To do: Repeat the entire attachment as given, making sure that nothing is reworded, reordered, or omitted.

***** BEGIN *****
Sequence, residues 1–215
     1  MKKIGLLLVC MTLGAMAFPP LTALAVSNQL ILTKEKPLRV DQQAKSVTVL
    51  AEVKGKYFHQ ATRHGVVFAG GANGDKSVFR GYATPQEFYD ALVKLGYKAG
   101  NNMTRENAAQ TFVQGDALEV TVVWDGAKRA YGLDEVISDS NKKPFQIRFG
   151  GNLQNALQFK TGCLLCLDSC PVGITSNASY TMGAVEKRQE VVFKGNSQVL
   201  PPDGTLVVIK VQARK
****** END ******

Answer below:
Sequence, residues 1–215
     1  MKKIGLLLVC MTLGAMAFPP LTALAVSNQL ILTKEKPLRV DQQAKSVTVL
    51  AEVKGKYFHQ ATRHGVVFAG GANGDKSVFR GYATPQEFYD ALVKLGYKAG
   101  NNMTRENAAQ TFVQGDALEV TVVWDGAKRA YGLDEVISDS NKKPFQIRFG
   151  GNLQNALQFK TGCLLCLDSC PVGITSNASY TMGAVEKRQE VVFKGNSQVL
   201  PPDGTLVVIK VQARK